Topic 4 - Elasticity

From Uni Study Guides
Jump to: navigation, search




Price Elasticity of Demand

Price Elasticity of Demand is a measure of the responsiveness of the quantity demanded of a good to changes in its price. It is the % change in quantity that results from a 1% change in price


Determinants of Price Elasticity of Demand

  • Substitution Possibilities: Elasticity will be higher for products with close substitutes– Branded Salt
  • Budget Share: Elasticity will be higher for items that take up a larger proportion of the budget
  • Time: Elasticity will be higher over the long run, more time to adjust to price changes

Price Elasticity of Demand Along the Demand Curve

The elasticity of demand declines steadily as we move down the demand curve.


Exceptions to the Rule: 2 Special Cases
  • Perfect Elastic Demand (E=∞) - slight increases in price lead to zero sales - Horizontal
  • Perfect Inelastic Demand (E = 0) - Non Responsive to changes in price - Vertical
Elasticity And Total Expenditure

Will I get more sales (P×Q) with high quantity low price or high price low quantity?

  • Depends on price elasticity of demand, Highest at the curve’s midpoint

E > 1, Price has an inverse relationship with revenue [responsive] E < 1, Price has a positive relationship with revenue [less responsive]

Income And Cross Price Elasticity

  1. Income [E] - The % by which the quantity demanded of a good changes in response to a 1% change in income
    • Є > 0 - Normal Good
    • Є < 0 - Inferior Good
  2. Cross Price [E] - the % by which the quantity demanded of a good changes in response to a 1% change in the price of a second good. E.g. if a 2% increase in Cashew prices = 5% increase in quantity demanded [Peanuts} cross price elasticity = 2.5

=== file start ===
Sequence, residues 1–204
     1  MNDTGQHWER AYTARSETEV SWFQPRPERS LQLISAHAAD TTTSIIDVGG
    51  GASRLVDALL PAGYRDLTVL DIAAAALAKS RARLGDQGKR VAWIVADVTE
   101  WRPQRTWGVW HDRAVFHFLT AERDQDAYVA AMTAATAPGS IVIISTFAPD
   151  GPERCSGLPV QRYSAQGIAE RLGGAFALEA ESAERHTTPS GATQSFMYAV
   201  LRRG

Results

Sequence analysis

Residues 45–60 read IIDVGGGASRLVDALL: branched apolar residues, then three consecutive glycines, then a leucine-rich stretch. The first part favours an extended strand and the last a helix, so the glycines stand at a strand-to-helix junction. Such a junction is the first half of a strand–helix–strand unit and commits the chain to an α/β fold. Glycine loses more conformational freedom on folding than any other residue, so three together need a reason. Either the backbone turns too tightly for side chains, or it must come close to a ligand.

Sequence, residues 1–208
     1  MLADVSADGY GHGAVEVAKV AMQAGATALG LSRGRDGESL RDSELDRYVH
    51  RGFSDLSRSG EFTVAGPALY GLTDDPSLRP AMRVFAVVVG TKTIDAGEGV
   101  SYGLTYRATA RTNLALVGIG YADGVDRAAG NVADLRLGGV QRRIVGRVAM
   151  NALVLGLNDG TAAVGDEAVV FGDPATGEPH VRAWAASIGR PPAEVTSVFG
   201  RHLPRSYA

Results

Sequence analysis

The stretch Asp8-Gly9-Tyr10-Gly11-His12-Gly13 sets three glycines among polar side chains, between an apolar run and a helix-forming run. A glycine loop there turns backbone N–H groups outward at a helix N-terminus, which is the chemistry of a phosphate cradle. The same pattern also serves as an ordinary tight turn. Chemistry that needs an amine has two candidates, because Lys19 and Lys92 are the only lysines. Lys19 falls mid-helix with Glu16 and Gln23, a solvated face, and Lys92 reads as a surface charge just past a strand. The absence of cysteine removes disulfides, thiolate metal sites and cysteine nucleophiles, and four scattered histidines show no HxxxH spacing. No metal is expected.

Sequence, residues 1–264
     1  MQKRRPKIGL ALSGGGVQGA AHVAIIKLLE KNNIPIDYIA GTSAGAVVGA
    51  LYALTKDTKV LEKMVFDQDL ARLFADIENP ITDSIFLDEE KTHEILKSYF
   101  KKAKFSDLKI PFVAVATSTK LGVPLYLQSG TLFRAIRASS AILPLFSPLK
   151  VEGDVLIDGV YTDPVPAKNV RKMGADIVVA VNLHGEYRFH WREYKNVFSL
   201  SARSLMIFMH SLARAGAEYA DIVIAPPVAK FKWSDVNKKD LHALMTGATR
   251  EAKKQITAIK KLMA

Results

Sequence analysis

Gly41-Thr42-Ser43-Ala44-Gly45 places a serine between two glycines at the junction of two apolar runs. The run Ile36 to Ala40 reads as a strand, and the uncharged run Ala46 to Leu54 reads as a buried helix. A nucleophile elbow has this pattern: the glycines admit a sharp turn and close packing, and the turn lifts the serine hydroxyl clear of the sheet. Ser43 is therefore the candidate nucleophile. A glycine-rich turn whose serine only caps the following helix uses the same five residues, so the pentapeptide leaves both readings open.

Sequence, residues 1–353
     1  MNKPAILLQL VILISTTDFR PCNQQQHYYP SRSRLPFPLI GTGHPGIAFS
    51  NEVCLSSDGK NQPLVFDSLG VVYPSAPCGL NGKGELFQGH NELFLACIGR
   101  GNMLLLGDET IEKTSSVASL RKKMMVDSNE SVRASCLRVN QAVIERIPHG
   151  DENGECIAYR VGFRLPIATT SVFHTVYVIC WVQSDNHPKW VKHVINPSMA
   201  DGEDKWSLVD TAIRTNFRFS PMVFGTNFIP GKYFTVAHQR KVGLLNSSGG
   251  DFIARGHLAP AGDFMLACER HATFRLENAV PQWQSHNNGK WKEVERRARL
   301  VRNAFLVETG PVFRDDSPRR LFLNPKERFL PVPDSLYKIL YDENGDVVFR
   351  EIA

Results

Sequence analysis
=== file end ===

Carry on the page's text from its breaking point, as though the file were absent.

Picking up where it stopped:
• Є > 0 - Substitutes
    • Є < 0 - Complements

Price Elasticity of Supply

The % change in quantity supplied that occurs in response to a 1 % change in price. The elasticity of supply declines as quantity increases. If it passes through the origin price elasticity of supply = 1

  • Perfect Elasticity - marginal costs are fixed, same inputs and price
  • Perfectly Inelastic - supply is fixed and cannot be duplicated


Determinants of Price Elasticity of Supply

  • Flexibility of Inputs: If additional inputs are relatively easy to attract, the price elasticity of supply is high.
  • Mobility of Inputs: If inputs can be transported more easily, elasticity will be higher
  • Ability to Produce Substitute Inputs: If a fixed quantity of inputs can be overcome (technology), elasticity higher
  • Time: Elasticity will be higher in the long run – more time to build machinery etc.
  • Spare Capacity


  1. Frank, Jennings, Bernanke, R, 2011. Principles of Microeconomics. 3rd ed. Australia: MCGRAW-HILL.
Personal tools